Brad Dokken / Forum Communications Co., Published May 06 2012
Fishing propspects favorable across North Dakota
On Devils Lake, Randy Hiltner, northeastern district fisheries supervisor for the North Dakota Game and Fish Department, said the big lake holds high numbers of walleyes 14 inches and smaller from recent strong hatches. Those fish might be too small for the frying pan, but populations of 15- to 20-inch walleyes are in line with 20-year averages, Hiltner said.
He said Game and Fish crews also have seen 10- to 12-pound female walleyes this spring in the trap nets they set to collect fish eggs for state stocking programs.
“We essentially have walleyes of all sizes,” Hiltner said. “Our adult fish are spread a little thinner due to the wide lake expansion the last several years.”
Hiltner said a series of weaker hatches from 2003 to 2005 also contributed to fewer walleyes approaching 20 inches. “Those year-classes were kind of sandwiched between stronger classes on either side and later, so there’s a dip in population for those years.”
White bass remain abundant but trending downward, he said, although the quality should make up for any declines in quantity. “There should be some really big white bass out there for anglers to catch this year – 2- to 3-pounders and beyond,” he said.
Perch and pike numbers on Devils Lake also are up, a trend that’s apparent across the state.
Greg Power, fisheries chief for Game and Fish in Bismarck, said high water conditions in recent years have benefited most species.
“Pike and perch are only going to get better,” he said. “I’d even say walleye – especially on our small lakes.
“So many of our managers have shifted gears and found that walleyes work” in smaller lakes, he added. “I think more than anything, we’ve got 5 to 10 more feet of water so the winterkill issue isn’t nearly as concerning as it was in the past, and walleyes are making it through the winter.”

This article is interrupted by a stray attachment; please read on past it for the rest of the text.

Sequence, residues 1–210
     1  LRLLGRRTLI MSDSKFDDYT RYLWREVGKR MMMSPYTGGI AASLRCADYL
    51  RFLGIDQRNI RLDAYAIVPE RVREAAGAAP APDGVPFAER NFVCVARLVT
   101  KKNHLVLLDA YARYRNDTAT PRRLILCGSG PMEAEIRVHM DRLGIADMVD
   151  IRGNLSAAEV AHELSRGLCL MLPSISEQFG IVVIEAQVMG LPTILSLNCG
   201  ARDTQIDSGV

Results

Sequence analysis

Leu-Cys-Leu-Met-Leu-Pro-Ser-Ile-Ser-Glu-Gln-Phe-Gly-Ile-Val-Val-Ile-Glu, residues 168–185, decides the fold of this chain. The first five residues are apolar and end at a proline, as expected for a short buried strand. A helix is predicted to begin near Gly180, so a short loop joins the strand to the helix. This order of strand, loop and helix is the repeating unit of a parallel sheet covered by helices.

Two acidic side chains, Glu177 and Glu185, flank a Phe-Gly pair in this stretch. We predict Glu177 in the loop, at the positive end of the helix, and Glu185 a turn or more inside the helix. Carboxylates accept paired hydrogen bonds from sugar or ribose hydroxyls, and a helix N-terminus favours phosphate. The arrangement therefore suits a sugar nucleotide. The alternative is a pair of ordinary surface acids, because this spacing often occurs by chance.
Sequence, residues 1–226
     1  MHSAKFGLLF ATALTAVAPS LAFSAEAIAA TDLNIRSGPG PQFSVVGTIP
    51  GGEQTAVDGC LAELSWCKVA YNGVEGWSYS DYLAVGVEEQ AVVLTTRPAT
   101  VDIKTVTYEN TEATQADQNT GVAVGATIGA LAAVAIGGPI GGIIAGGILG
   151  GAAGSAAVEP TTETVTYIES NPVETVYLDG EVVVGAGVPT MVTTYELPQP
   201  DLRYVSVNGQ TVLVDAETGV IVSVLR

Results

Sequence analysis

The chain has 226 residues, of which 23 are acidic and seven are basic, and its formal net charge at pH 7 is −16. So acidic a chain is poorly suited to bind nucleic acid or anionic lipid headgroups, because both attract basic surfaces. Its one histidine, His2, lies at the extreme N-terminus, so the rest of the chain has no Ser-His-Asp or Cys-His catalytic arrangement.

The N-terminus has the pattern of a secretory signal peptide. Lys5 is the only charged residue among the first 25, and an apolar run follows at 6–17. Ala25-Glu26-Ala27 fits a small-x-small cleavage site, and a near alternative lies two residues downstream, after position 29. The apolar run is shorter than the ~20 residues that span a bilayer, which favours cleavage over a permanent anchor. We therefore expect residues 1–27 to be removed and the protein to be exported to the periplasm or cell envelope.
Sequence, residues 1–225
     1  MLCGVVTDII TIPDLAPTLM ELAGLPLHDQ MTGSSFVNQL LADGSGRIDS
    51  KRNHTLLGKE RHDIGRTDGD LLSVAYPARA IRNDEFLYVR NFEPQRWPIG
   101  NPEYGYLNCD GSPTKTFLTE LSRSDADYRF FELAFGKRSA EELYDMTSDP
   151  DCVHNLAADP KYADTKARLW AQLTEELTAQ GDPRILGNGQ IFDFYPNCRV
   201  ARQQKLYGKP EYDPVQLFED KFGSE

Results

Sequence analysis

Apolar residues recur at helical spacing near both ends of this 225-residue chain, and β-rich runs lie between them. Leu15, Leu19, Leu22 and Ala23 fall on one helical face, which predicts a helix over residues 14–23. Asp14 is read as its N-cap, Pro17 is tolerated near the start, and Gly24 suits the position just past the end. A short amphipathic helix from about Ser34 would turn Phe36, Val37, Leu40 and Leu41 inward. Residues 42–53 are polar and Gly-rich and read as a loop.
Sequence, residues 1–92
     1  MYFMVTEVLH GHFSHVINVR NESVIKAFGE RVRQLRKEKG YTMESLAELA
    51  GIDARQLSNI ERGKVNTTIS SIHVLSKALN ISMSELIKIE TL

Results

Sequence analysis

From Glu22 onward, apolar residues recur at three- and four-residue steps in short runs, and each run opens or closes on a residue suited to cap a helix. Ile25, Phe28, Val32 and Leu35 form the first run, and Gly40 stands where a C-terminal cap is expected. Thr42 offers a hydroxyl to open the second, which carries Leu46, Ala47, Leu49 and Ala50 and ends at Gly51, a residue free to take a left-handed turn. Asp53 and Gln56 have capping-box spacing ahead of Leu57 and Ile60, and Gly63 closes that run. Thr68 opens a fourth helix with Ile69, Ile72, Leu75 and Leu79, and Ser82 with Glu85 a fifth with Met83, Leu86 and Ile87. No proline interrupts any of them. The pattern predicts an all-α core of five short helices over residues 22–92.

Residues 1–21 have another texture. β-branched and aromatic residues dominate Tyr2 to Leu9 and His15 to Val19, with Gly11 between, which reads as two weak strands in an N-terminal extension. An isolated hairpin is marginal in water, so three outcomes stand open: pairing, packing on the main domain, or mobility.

Walleye fishing this spring on the Missouri River has been spectacular, at times, and Power said he’s heard reports from anglers who said it took longer to launch and load their boats than it did to catch a limit of walleyes. Forage abundance in the river – especially smelt – is down after last summer’s flooding and the fish are hungry.
“Given the forage issues out there, some aggressive harvest probably isn’t a bad thing,” Power said.
Fisheries crews this spring have observed strong smelt runs on Lake Sakakawea, Power said, especially from Van Hook upstream. That’s encouraging after widespread reports last summer of smelt being washed through Garrison Dam during the flood.
Smelt are a major forage species for walleyes and other predator fish in Sakakawea and elsewhere on the Missouri River system. Their numbers declined during several years of low water in the reservoir, and anglers reported catching walleyes that were skinnier than Sakakawea traditionally produced.
As water levels recovered, so did smelt populations. Now, Power said the impact of smelt being washed through Garrison Dam remains “the $100 million question.”
“If the smelt are back – and so far this spring, it’s looking good – and the predator fish are in great shape, we’ve really done a 180 there in about five years,” he said.
Sauger populations in the middle and upper reaches of Sakakawea also are in great shape, Power said.
Brad Dokken is the outdoors writer for the Grand Forks Herald